• experience of each party. (b) Monopolistic bargaining power occurs when an
    • exchange can be forced conferring all the gains from trade on one party and all
    • the losses on the non-consenting party.
  7. EXPLOITATION
    • In labor markets, this
    • occurs when buyers can force sellers to accept a wage below their productivity
    • or sellers can force buyers to pay a wage above their productivity.
  8. RESIDUAL CLAIMANTS
    • The party in a firm
    • which has the right to the stream of revenues which remain after all fixed
    • claims (such as labor and raw materials suppliers) on the firm’s revenues have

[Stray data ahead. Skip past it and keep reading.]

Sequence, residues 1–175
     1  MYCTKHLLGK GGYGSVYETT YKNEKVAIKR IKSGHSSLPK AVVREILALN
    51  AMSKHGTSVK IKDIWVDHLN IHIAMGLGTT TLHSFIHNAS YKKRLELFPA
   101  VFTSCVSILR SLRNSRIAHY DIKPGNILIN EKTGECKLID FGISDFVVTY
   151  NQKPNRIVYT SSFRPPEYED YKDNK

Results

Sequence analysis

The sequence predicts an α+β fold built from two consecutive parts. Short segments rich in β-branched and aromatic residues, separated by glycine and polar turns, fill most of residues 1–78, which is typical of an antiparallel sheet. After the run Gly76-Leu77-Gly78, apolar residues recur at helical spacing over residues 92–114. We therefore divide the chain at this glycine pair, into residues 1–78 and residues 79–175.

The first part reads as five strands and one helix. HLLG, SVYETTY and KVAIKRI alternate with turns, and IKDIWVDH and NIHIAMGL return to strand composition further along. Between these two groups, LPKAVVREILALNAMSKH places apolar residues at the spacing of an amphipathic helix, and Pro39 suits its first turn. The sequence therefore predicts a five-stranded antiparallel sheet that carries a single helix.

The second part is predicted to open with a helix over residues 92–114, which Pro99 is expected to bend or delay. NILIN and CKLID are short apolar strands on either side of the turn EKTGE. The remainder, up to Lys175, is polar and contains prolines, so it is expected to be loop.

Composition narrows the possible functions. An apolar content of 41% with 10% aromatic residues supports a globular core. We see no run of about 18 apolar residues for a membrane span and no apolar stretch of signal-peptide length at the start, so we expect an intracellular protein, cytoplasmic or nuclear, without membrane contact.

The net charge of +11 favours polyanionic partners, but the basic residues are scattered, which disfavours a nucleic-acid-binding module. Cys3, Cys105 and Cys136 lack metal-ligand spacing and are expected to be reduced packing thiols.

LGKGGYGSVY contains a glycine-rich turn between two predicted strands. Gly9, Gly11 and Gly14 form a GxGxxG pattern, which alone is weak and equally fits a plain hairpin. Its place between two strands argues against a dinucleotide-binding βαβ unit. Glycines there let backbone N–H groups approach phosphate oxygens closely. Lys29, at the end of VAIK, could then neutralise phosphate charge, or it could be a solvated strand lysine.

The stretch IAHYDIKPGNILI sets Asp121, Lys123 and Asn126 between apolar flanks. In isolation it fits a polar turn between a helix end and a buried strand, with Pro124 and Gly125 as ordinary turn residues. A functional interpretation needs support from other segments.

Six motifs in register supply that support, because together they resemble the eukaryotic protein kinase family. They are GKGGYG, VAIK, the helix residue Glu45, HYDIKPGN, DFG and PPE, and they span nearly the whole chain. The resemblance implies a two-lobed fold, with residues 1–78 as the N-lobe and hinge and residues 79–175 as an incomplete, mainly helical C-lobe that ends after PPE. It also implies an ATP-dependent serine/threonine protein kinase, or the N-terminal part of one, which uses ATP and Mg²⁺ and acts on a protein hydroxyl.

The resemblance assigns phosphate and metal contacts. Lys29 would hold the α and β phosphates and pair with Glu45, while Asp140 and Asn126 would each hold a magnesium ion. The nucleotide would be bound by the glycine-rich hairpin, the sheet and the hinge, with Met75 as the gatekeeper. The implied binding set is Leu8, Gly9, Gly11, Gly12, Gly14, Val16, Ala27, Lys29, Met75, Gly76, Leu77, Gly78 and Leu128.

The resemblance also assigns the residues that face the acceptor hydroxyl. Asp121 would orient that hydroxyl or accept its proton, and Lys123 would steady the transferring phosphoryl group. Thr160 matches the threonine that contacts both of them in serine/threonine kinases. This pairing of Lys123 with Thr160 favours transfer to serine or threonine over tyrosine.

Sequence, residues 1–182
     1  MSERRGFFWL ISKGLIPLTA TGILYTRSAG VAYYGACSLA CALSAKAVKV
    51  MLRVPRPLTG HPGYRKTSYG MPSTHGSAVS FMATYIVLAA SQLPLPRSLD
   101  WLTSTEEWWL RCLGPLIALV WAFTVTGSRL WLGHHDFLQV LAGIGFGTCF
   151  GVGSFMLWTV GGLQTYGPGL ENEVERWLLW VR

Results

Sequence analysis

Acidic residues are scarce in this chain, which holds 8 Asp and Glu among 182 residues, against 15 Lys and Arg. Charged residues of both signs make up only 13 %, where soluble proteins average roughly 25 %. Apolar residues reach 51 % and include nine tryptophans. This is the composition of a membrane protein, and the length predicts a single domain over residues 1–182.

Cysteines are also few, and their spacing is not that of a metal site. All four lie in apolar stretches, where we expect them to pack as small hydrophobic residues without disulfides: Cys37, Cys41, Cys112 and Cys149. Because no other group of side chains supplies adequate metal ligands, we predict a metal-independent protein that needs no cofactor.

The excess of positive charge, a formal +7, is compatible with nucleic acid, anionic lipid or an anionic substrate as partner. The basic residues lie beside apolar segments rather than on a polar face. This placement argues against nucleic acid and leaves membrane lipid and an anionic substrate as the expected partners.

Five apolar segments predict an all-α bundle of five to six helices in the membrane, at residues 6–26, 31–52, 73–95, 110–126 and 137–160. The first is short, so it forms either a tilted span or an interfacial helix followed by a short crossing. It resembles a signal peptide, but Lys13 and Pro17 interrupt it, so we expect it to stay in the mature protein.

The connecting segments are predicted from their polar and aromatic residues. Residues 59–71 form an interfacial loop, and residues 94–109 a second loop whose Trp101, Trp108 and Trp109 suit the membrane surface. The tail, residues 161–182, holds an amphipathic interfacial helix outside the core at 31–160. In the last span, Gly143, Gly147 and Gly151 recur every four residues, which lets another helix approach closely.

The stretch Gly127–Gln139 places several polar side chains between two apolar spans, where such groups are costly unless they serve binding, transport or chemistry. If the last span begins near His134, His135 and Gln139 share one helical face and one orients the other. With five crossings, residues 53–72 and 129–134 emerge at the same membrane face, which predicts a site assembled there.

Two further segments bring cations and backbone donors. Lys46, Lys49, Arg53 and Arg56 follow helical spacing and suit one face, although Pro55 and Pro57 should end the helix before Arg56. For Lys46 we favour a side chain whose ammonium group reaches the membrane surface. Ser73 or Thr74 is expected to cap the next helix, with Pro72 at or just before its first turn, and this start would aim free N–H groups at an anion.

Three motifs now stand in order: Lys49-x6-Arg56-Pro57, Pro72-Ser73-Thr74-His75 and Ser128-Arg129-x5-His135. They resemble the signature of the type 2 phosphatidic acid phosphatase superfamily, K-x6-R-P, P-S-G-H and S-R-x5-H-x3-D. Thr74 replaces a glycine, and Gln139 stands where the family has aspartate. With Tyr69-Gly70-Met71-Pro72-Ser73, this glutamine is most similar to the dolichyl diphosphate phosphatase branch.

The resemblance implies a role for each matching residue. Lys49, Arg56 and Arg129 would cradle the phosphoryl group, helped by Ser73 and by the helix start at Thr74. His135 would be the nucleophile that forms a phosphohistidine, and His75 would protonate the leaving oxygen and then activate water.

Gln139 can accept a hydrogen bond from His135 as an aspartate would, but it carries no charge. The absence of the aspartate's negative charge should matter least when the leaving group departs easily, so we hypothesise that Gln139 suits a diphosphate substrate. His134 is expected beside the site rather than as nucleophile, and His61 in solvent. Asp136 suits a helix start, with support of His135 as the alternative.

• been paid. Since the size of the residual revenue stream depends on how
    • productive the fixed claimants are in generating revenues for the firm the
    • residual claimant has a strong incentive to monitor the behavior of the fixed
    • claimants.
  9. LAW OF DEMAND FOR LABOR
    • The quantity
    • demanded of labor varies inversely with the wage rate, all other things held
    • constant.
  10. DEMAND PRICE OF LABOR
    • The maximum wage
    • that an employer is willing to pay a given worker, based on an estimate of that
    • worker’s productivity
  11. OUTPUT (SCALE) EFFECT:
    • The change in employment
    • which occurs because of a change in the firm’s output. This change in output is
    • caused by a change in the wage rate which causes the firm’s cost of production
    • and the desired level of output to change.
  12. SUBSTITUTION EFFECT (As It Relates to
    Production)
    • The change in employment resulting solely from a change in the
    • relative price of labor, output being held constant.